State could end dispatch service

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copyright the Chronicle October 12, 2016

by Joseph Gresser

After a summer of discussions among emergency service providers and state officials, the Public Service Department plans to ask the Legislature to allow it to stop dispatching except for state agencies.

In an interview on October 6, State Police Captain Thomas Hango, commander of emergency communications, said the study committee is made up of police, fire, and ambulance service representatives as well as state agencies and emergency responder union delegates.

The group has been talking about possible changes to the dispatch service system, he said.

At present, Captain Hango said, some communities pay the state for dispatching services, some have their own dispatchers, and some get services from the state at no charge.

Communities in the Northeast Kingdom are among those that have received dispatching from the state without paying for them.

Many people think that’s not fair, and something needs to be done to correct the situation, he said.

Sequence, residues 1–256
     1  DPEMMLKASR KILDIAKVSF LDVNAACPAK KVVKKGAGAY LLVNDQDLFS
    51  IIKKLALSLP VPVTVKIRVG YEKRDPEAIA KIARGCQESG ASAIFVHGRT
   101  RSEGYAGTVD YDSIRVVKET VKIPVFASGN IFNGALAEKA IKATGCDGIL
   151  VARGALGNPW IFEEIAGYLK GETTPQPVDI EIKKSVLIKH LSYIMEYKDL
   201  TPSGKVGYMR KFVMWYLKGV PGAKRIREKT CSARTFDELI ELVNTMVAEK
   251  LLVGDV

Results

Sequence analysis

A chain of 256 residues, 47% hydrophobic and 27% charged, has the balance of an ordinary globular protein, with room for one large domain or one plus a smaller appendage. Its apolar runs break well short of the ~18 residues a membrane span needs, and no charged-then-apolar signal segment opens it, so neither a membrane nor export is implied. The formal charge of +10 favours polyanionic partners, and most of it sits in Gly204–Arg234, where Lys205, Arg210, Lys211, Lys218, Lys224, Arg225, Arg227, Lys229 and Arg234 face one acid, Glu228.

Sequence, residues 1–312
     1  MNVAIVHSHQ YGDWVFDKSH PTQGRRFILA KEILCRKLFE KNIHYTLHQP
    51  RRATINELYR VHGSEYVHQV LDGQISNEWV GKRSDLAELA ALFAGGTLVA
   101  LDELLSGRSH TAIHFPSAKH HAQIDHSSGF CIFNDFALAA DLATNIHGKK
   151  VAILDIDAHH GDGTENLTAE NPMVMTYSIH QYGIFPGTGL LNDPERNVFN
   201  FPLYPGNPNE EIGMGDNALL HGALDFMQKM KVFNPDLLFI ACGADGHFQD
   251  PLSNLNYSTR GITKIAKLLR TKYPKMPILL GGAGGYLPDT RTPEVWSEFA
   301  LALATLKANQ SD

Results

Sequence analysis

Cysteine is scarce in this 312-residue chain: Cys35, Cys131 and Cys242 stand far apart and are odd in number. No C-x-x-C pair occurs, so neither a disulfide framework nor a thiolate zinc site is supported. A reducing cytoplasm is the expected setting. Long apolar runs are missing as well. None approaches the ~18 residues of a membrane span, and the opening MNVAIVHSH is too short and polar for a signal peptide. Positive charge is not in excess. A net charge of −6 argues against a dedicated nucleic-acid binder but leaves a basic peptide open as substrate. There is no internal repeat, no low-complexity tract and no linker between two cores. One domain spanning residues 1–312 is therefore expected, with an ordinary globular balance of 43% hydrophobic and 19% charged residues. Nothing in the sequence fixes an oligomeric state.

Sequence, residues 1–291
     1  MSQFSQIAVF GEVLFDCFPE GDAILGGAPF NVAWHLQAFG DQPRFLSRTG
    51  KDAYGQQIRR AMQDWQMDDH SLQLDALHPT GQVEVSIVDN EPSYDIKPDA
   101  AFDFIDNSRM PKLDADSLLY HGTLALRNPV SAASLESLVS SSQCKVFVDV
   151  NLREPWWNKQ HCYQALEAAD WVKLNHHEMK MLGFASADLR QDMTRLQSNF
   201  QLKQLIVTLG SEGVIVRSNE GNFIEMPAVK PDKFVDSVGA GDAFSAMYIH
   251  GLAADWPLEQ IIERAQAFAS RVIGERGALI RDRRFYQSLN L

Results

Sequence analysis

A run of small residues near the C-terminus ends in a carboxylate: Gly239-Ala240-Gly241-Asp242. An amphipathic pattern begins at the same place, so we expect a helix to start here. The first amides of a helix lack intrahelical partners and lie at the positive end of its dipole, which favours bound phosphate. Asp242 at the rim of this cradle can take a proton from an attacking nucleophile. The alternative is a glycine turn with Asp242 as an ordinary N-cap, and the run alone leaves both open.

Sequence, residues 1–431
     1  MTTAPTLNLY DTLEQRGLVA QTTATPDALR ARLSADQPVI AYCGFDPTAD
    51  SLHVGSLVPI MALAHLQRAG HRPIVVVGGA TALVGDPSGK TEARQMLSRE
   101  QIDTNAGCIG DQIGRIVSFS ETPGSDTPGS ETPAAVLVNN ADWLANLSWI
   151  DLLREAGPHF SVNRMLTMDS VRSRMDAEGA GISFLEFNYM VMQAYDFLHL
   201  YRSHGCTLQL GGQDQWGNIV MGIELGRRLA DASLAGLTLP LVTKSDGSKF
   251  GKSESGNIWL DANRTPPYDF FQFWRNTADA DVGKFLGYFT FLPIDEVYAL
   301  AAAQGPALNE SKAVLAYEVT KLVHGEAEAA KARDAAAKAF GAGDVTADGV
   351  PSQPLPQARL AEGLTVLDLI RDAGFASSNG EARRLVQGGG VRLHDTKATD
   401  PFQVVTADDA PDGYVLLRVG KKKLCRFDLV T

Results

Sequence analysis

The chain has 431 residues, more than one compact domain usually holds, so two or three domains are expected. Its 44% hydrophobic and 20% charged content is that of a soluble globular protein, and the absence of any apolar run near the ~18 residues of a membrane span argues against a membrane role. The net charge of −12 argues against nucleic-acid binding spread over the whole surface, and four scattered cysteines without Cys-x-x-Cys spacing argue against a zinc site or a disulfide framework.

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Potential Jay Peak buyer accused of fraud

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copyright the Chronicle September 21, 2016 

by Joseph Gresser

JAY PEAK — When Michael Goldberg got a letter offering to buy Jay Peak for $93-million some aspects of it set off alarms. His suspicions proved to be justified when a quick search showed that the man who made the offer has been accused of a $3-million stock swindle.

Mr. Goldberg explained his concerns about the offer from Jean Joseph of Bellwether Business Group and his follow-up correspondence in a report filed September 16 in U.S. District Court for the Southern District of Florida in Miami.

Mr. Goldberg said the original offer was unusually vague, and didn’t fully specify what the purchaser wanted to get for his money. In addition, the due diligence list, setting out the kind of information about Jay Peak the potential purchaser hoped to get before finalizing the deal, included a number of items that were not applicable to a ski area.

The timeframe for completing the sale proposed by Mr. Joseph also appeared impossibly short, Mr. Goldberg said.

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Newport Mayor goes to work for Walmart

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copyright the Chronicle September 7, 2016

 by Joseph Gresser